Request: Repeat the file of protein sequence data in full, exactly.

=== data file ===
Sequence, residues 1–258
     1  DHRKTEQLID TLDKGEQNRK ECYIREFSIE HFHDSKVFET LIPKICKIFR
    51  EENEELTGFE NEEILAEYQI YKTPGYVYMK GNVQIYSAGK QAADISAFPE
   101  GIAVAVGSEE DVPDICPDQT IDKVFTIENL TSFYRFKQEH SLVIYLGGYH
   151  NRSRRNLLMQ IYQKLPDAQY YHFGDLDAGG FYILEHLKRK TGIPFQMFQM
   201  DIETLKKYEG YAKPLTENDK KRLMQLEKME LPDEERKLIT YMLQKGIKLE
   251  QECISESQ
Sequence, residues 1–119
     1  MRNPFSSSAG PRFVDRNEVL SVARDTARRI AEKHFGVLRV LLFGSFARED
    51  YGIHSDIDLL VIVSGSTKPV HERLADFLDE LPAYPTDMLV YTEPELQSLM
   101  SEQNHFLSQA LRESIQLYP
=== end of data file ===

Sequence, residues 1–258
     1  DHRKTEQLID TLDKGEQNRK ECYIREFSIE HFHDSKVFET LIPKICKIFR
    51  EENEELTGFE NEEILAEYQI YKTPGYVYMK GNVQIYSAGK QAADISAFPE
   101  GIAVAVGSEE DVPDICPDQT IDKVFTIENL TSFYRFKQEH SLVIYLGGYH
   151  NRSRRNLLMQ IYQKLPDAQY YHFGDLDAGG FYILEHLKRK TGIPFQMFQM
   201  DIETLKKYEG YAKPLTENDK KRLMQLEKME LPDEERKLIT YMLQKGIKLE
   251  QECISESQ
Sequence, residues 1–119
     1  MRNPFSSSAG PRFVDRNEVL SVARDTARRI AEKHFGVLRV LLFGSFARED
    51  YGIHSDIDLL VIVSGSTKPV HERLADFLDE LPAYPTDMLV YTEPELQSLM
   101  SEQNHFLSQA LRESIQLYP